Kourtney is a preschool paraprofessional, married to Galen and mom of three. When she was 24, she gave birth for the first time — to twins. Below is their story.
We found out we were having twins when I was only seven weeks pregnant. It was totally out of the blue! There’s no history of twins in my family or my husband’s family, but it didn’t take us long to get used to the idea.
My OB-GYN Dr. Sebastian (now retired) had given me some criteria for a vaginal delivery: Baby A had to be head-down, baby A had to be bigger than baby B. With twins, I knew that a C-section was likely, but I wasn’t that nervous. I figured if I delivered vaginally, my body would know what to do and if I ended up delivering via C-section, the doctors would know what to do.
Pretty soon, it was time for our 35-week appointment. At that point, I was having contractions but they were pretty mild. When we were getting ready to leave to house, I told my husband to grab our hospital bag. I just had this feeling that I wasn’t going to be coming back home that day.
Nervous in the OR
In the two weeks before my 35-week appointment, I had gained 20 pounds and I was super swollen. My blood pressure was also a bit high. So, I went to the Birthing Center to be monitored for preeclampsia. After spending two hours in our birthing suite, they came in and said: You’re delivering today. Baby A was breach, and they didn’t want to risk waiting. I started to get pretty nervous. I remember thinking: Oh my gosh, this is real. This is happening.
Once I was in the operating room (OR), I remember feeling like I wanted to throw up because I was so nervous. I’m terrified of needles, so getting the spinal block was a big deal for me. My husband couldn’t be in the OR for that part, but my nurse took really good care of me. She had me hug a pillow and told me to breathe slowly to help me calm down. She held my hand through the whole thing and was really reassuring.
Once it was over, my husband came in and was able to sit with me. The spinal block kicked in fast and it was a really weird feeling. I couldn’t feel anything below my chest, but I could still move my arms. Soon, my lower half was totally numb and they were ready to start the surgery.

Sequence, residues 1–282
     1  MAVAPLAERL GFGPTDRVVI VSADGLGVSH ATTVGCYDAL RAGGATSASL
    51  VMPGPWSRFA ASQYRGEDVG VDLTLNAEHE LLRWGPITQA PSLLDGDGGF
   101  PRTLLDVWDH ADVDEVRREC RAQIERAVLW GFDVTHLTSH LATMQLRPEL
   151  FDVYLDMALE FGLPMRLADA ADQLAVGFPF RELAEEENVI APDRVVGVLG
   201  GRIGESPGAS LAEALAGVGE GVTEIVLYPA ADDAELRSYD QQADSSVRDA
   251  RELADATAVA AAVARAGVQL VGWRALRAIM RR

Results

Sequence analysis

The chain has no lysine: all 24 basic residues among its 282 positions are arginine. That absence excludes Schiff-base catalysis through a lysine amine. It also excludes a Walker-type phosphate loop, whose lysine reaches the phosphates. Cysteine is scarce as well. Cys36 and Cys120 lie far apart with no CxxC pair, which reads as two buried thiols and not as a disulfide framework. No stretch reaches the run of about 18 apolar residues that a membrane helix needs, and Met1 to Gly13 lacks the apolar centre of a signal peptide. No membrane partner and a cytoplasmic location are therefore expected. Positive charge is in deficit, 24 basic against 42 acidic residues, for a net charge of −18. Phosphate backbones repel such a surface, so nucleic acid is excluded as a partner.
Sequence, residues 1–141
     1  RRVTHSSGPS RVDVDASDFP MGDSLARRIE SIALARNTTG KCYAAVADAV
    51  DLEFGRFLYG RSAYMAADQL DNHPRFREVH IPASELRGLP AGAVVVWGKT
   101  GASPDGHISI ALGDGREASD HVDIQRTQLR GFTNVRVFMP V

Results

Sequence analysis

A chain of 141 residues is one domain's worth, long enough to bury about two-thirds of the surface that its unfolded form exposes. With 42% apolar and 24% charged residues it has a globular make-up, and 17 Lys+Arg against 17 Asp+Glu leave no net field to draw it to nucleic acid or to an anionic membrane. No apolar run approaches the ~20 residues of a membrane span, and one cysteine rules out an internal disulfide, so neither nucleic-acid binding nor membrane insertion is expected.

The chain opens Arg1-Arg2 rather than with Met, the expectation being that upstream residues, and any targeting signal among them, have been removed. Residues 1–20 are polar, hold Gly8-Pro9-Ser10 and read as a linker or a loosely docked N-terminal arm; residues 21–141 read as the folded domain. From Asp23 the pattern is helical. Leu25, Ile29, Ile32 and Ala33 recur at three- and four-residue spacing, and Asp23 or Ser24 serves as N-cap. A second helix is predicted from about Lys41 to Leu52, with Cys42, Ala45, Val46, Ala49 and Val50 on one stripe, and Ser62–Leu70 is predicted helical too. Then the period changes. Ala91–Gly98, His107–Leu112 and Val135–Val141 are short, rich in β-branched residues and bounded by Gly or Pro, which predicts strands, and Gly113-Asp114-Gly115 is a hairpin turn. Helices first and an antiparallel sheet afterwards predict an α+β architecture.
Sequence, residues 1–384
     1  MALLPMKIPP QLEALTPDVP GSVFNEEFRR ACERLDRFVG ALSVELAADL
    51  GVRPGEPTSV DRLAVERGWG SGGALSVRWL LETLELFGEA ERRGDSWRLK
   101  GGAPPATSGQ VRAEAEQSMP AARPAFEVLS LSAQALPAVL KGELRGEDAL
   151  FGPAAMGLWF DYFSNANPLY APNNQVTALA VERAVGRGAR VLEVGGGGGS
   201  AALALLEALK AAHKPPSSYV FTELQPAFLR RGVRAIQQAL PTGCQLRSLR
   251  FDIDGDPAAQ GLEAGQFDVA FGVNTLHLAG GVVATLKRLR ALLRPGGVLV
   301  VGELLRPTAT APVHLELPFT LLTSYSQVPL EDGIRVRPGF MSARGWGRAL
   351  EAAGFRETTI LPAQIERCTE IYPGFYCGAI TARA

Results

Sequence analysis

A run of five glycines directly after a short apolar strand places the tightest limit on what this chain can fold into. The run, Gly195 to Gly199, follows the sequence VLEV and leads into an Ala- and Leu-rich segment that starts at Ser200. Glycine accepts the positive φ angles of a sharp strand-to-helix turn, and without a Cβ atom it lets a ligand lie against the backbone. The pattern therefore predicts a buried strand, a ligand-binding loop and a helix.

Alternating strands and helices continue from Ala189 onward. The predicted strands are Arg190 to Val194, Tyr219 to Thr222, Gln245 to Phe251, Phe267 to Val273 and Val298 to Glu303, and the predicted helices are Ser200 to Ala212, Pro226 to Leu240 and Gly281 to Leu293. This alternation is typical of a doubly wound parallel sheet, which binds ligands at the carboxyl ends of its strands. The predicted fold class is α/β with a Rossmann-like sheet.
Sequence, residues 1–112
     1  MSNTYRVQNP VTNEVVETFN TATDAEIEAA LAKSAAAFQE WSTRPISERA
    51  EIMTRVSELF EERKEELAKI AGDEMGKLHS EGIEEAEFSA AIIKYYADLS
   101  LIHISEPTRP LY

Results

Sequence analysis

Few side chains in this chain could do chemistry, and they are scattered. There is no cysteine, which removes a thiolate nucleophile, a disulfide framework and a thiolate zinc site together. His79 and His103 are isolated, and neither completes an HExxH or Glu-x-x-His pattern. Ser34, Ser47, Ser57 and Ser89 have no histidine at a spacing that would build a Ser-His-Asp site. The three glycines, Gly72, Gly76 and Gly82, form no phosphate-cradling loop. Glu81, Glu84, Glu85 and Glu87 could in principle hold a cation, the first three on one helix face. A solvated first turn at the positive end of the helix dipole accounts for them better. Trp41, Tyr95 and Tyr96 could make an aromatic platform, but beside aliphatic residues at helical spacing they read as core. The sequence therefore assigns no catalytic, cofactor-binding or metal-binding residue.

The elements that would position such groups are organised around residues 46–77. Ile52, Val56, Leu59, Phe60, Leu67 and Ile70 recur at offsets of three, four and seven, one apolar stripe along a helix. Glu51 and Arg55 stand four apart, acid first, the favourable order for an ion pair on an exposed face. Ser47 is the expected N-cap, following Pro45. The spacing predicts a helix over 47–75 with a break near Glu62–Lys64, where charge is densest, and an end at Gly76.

Welcome to the world, Gavin and Logan
I was really worried I was going to hear a doctor say something like, ‘We’re making an incision now,’ and I did not want to hear that! My nurse anesthetist knew how nervous I was, so she talked to me through the whole thing and helped me stay calm.
The operation went pretty quick. I wasn’t in pain, but I did start to feel a bit of pressure. The next thing I remember was hearing Gavin cry for the first time at 4:52 pm. Not even two minutes later, I heard Logan. I teared up right away – it was amazing!
Gavin was five pounds, five ounces and Logan was four pounds, twelve ounces. Because our babies were preterm, they needed a little extra help after birth. They had to be brought to the Level II Nursery, but I was able to see them and give them a kiss before they left.
A few bumps before going home
I needed a blood transfusion, so I was unable to see my husband hold the boys for the first time. That was really hard, but the nurses took lots of pictures for us. Gavin was able to transition out of the Level II Nursery the next day and Logan a day after that.
We were in the hospital a bit longer than expected because I had a few complications, but all through our time at St. Luke’s I could tell that the staff really cared about us. They went out of their way to make me feel like I mattered. The doctors, the nurses, the food service workers were all so polite and helpful. Even the people who cleaned the rooms would make conversation with us. I felt super supported the whole time we were there.
Being discharged was one of the best feelings in the world. We were so excited to start our lives – to let the twins sleep in their own cribs and dress them in the outfits that we had bought for them.
A few years later, I had my daughter Rylynn at St. Luke’s.
This is how Kourtney remembers the day Gavin and Logan were born. To hear what Gavin and Logan remember, watch their story below. View More Stories »